We insist on always having paper charts with us and easily available.  Typically this is easily accomplished from one Maptech Chart Book covering a large area.  As we start to head south we will need more and more chart books since our cruising area is expanding.  To keep these charts readily available but out of the way we bought a teak magazine rack from Defender. We mounted this on the bulkhead between the head and the saloon area by a couple of through bolts.  It’s now a convenient area to keep charts, cruising guides and some other items.



Stopping Leaks with the Magic of Butyl Tape

Ever since we have owned Smitty there has been a pesky leak in the hatch right over our berth.  It wasn’t constant but it would drip a lot anytime it rained.

Front Hatch

The previous owner tried to fix this with lots of crappy silicone caulking around the metal frame of the hatch.  The problem is that one, you should almost never use silicone on boats and two, it wasn’t the frame of the window that was the source of the leak. So on top of having crappy silicone caulking to cleanup I still had to fix the leak.

After a little bit of research and testing I found out that leak was actually coming from the friction hinges.  These hinges are sealed with gaskets at the factory and those gaskets do breakdown and need to be replaced.  With the shrink wrap up this winter it was a perfect time to take care of this nuisance.

When I removed the hinges it was easy to see that the foam gasket had deteriorated to almost nothing.

IMG_3035To fix this I could have ordered new foam gaskets from Lewmar.  But I felt that a better repair was possible.  I went to my boat guru, RC from Compass Marine (aka Maine Sail).  I had previously learned of the wonders of butyl tape from him for bedding hardware.  I felt that butyl tape would make a longer lasting fix for the hinges.  After a quick confirmation with RC that the plastic could handle the butyl tape if I took time to tighten the screws, I decided to use butyl tape for the repair.  I had previously purchased a couple of rolls  Bed-It Butyl Tape from Compass Marine, so I was all set to do the repair.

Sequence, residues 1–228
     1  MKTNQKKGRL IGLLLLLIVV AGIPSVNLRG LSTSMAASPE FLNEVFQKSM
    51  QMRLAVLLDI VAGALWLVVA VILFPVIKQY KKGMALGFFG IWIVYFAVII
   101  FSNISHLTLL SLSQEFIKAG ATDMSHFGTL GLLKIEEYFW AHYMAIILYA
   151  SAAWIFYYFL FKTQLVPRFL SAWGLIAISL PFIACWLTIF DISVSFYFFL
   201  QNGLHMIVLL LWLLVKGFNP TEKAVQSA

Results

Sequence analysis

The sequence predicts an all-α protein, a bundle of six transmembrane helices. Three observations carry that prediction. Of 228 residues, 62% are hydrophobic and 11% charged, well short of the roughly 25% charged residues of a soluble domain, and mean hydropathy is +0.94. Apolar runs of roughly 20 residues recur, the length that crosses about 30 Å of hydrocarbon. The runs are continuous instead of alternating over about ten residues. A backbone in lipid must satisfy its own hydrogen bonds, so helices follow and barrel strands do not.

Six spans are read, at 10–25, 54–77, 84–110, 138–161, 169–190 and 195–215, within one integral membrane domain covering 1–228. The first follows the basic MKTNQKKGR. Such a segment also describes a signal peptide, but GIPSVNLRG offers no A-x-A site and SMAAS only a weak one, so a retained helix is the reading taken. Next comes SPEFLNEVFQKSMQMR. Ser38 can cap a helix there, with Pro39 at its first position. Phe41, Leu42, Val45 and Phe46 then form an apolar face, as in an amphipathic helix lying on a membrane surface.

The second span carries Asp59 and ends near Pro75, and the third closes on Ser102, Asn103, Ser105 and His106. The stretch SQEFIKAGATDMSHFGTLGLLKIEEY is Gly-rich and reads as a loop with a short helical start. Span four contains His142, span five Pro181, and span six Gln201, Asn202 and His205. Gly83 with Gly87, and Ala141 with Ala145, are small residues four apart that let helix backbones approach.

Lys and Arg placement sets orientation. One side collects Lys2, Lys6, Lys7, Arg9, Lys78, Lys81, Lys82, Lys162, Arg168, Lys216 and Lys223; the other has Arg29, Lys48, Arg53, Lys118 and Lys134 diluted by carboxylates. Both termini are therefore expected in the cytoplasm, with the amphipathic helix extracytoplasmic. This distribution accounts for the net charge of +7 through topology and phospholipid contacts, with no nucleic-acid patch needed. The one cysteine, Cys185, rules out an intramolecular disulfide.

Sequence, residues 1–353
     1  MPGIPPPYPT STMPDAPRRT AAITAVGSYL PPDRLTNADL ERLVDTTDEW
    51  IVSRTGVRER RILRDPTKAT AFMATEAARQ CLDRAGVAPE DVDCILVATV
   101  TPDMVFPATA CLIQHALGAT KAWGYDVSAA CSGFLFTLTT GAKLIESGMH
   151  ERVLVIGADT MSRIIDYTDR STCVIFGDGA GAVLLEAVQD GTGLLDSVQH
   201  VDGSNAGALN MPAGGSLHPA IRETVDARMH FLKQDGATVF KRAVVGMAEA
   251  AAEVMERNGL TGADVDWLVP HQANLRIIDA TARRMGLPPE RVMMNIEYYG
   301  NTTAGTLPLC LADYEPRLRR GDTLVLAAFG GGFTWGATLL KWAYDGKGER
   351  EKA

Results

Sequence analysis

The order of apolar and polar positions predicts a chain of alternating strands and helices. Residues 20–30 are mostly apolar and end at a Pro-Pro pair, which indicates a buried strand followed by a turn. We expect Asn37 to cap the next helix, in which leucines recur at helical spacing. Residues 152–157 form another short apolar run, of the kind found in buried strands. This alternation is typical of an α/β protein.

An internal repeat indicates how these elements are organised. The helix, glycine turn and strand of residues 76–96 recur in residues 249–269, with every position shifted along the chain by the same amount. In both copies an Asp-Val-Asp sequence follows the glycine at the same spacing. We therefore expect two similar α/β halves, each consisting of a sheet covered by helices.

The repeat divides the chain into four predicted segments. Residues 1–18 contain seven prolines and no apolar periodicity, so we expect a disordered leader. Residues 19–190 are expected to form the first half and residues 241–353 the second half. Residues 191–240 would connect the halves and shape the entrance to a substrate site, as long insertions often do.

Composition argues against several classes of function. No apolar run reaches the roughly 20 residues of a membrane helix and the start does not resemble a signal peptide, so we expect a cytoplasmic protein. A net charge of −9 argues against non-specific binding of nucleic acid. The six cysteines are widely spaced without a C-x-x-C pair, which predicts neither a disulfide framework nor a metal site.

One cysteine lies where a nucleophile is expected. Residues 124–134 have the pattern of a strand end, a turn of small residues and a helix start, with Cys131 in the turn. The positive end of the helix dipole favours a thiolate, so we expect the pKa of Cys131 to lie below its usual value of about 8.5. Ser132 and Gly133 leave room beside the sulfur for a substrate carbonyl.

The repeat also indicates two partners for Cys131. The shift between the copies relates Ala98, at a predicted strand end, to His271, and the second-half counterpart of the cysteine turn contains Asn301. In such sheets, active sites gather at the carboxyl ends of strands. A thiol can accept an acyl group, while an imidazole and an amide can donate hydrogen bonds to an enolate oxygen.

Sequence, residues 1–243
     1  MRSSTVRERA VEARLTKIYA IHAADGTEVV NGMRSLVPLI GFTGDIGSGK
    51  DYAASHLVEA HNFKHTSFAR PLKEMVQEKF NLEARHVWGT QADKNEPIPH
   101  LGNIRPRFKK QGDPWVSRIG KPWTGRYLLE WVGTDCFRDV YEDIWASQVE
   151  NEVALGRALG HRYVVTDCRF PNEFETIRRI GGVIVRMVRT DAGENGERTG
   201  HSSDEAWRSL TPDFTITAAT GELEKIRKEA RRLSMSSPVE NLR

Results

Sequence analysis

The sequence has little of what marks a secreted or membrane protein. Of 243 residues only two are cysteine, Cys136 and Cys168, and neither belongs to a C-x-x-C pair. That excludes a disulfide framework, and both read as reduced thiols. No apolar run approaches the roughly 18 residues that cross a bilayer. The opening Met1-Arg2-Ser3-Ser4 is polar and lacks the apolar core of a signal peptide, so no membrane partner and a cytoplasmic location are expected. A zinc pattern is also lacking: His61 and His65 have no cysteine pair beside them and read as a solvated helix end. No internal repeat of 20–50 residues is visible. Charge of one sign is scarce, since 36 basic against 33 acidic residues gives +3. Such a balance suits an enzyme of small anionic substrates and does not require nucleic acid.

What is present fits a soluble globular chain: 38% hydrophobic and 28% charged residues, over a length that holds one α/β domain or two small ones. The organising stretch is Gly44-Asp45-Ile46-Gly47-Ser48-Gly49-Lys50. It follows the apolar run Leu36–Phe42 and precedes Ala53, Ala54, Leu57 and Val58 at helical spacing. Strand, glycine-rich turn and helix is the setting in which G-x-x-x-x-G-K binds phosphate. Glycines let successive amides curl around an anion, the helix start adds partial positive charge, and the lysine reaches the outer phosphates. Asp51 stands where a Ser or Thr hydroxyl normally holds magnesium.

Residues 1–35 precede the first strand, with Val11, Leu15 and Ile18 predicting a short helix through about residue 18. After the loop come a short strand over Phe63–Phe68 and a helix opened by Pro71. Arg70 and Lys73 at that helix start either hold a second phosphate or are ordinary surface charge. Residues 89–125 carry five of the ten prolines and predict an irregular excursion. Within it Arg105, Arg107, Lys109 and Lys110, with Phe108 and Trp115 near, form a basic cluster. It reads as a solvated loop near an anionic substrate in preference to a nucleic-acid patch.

I removed the old gasket and then cleaned the inside of the plastic hinge connector with soap and water.  I then let the connector dry completely for a couple of days.  This job was made easier by having the shrink wrap up so I didn’t have to worry about more leaks during the repair. I worked the butyl tape to make a layer of the material on the inside of the plastic hinge connector.


The hinges were then reassembled.  I didn’t tighten the screws too tight. Just enough to start to compress the butyl tape. I then let it sit; it was about 65 degrees under the clear shrink wrap on this cold, sunny day due to the greenhouse effect.   Later in the day I turned the screws a couple more turns to compress the butyl tape a little more.  Over the next couple of weeks, whenever the temperature got above 65 degrees under the shrink wrap I would give the screws a couple of turns.  Eventually it was completely tight and the excess butyl tape had squished out from under the hinge connector.


I used RC’s technique to cleanup the excess butyl tape.  I used a ball of excess butyl tape from another project and pulled away the butyl tape from the hatch.  I then did a quick wipe with a clean rag with a little mineral spirits.

While I was there I also replaced the O-rings and lubricated the hatch dogs.  I used the Lewmar Drip Stop Hatch Dog Rebuild Kit from Catalina Direct.

Image from Catalina Direct

The hatch dogs weren’t leaking yet but I figured a little preventative maintenance is always a good thing.

The shrink wrap has been off for a little over 2 months now and no sign of any leaks.